2017 IAAPA Attractions Expo Recap - Marketing to Today's Teens


Hold the Phone: Marketing to Today’s Teens While Preserving Your Reputation

by Juanita Chavarro Arias and James Careless

With so much content continuously flowing across social media channels and video platforms in today’s digital landscape, how do companies get teens to pause scrolling their newsfeeds and video streaming to pay attention to a park’s message? 

To tackle this question and put teens’ habits into perspective, Heidi Fleischer Moltner, global account director of Coca-Cola Refreshments, and James Geiser, vice president of marketing and sales for Six Flags, opened the “Marketing Creates: Today’s Teens—Who Are They and How to Market to Them” session with numerous fast facts and statistics. 

For instance, 78 percent of teens, ages 13 to 17, use a smartphone. In a survey, just 1 percent of teens said that while watching TV at home, they do “nothing else, just watch,” meaning that teens are multitasking while consuming content. Moltner described Generation Z—teens who have used the internet, social media, and technology from an early age—as connected, empowered, resilient, solutions-oriented, and culturally involved.

“They are fearlessly ambitious,” Moltner said. “They aren’t waiting for people to tell them what to do. They can make those decisions.”

Moltner identified teens as influencers, saying there’s now more teen input on family decisions, such as where to eat and where to go on vacations. From a Six Flags perspective, Geiser added: “We need to stay current, and we need to stay connected with what’s going on in the market, what teens care about, and what is interesting to them today because what’s interesting to them is interesting to the family.” 

He also shared examples of Six Flags’ revamped strategies and campaigns designed to reach teens, along with insights he and his team discovered showing why companies can’t keep hanging onto traditional advertising techniques. Social is the new radio, and TV is no longer consumed solely on a TV set, he said.

In addition to these trends, the session’s biggest takeaways included recognizing Instagram as the place to really reach teens and YouTube as the platform teens are most likely to say they can’t live without. Shorter video content is most effective, and it’s essential to lead with the news and take note of completion rates on video spots. On any platform, the goal is to stand out and not look like an advertisement. Geiser closed the session with one final piece of advice for attendees: “Be real about who you are. Be real to your target audience, and you’ll be successful.”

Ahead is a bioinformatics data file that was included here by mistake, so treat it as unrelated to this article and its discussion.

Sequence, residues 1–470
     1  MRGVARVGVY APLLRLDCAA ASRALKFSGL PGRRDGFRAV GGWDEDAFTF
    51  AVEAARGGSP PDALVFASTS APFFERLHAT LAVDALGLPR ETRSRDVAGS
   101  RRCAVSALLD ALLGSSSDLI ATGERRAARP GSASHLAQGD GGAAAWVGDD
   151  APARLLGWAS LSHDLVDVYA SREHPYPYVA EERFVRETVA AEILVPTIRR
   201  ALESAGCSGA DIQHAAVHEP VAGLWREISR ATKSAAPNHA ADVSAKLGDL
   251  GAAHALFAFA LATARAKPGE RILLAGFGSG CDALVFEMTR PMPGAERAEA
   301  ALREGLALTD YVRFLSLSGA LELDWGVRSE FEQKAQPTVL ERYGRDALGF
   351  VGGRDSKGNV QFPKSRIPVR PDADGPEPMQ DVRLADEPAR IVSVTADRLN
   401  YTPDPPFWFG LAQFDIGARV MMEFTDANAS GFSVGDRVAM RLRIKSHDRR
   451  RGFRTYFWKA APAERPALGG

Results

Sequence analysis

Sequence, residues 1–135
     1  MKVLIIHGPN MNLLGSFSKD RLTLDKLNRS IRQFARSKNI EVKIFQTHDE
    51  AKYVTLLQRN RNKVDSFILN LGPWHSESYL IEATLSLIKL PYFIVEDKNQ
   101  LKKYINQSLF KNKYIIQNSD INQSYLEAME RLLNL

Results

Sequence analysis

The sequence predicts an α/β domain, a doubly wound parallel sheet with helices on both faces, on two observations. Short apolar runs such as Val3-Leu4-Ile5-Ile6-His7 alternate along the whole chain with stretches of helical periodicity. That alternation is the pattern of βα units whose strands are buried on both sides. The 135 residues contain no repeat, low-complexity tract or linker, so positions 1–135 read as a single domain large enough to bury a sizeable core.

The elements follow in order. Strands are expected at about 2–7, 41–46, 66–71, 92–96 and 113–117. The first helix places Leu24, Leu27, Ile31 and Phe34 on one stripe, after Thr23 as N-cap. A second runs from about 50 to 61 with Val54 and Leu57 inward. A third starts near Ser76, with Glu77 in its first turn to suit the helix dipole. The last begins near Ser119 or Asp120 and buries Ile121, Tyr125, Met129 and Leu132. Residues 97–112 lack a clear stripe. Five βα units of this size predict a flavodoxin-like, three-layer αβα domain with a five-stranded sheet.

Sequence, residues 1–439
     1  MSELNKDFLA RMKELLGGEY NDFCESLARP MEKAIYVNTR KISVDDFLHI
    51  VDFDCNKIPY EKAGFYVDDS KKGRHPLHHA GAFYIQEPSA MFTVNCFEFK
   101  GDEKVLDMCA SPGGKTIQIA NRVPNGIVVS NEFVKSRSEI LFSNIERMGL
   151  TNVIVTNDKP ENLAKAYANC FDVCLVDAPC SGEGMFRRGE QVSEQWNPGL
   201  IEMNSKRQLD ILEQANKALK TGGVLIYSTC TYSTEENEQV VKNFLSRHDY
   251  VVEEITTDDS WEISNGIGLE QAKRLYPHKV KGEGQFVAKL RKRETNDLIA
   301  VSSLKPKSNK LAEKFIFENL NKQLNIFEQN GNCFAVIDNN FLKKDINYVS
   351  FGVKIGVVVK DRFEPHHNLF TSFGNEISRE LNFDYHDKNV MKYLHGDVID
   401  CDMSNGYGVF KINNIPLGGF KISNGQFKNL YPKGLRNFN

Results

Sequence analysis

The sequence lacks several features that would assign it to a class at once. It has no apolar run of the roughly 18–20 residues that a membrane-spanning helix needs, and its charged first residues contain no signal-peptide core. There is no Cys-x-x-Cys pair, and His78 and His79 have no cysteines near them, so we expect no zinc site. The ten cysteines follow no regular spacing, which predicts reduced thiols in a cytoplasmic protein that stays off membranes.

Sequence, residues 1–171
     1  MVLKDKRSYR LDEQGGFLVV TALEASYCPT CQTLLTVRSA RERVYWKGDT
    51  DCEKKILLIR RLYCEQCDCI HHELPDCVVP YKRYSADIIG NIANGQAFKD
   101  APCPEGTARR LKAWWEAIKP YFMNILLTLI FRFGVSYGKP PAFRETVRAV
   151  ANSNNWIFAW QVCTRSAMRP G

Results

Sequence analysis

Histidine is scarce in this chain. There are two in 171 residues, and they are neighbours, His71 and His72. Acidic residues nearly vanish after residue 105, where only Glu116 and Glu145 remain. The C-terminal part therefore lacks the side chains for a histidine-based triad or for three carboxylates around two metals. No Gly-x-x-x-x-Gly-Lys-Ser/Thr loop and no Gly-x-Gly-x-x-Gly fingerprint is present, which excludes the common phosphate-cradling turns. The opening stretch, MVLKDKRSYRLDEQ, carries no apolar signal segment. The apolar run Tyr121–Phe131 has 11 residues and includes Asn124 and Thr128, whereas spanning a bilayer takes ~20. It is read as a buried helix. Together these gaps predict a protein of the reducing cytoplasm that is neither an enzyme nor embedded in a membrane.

Moreover, with so many people carrying a smartphone in today’s connected world, a corporate reputation that took 20 years to build can be destroyed in five minutes or less with pictures or video shared on social media. It’s vital for theme park operators—and, indeed, all businesspeople—to manage their public reputations openly, honestly, and proactively—especially when challenges occur.

That was the message delivered by Sara Brady, president and CEO of Sara Brady Public Relations, during the “Marketing Creates: The Essentials of Reputation Management” session. 

Citing Hollywood scandals, Brady said pursuing a “culture of disregard”—where profits and secrecy come before integrity and trust—can be fatal to anyone’s reputation. But when it comes to causing the most irreparable PR damage when a scandal breaks, “it’s almost always about the cover-up,” she explained. Add the lies perpetuated by self-appointed “citizen journalists” and internet trolls, and the task of effective reputation management is tremendously challenging.

To prepare for reputational assaults, Brady says a business should devise a crisis communications plan beforehand, to be executed by trained professionals. As well, the business should have three key messages ready to go, each focused on the company’s strengths and contributions to society.

When an unexpected reputation crisis hits, the key is to be open and honest, and express true empathy for any victims and the client base. She believes leaders must also go public and speak the truth to media, including admitting mistakes in plain language.

Brady’s key piece of advice for managing reputations during a PR crisis? “Hope for the best,” she said, “but plan for the worst.”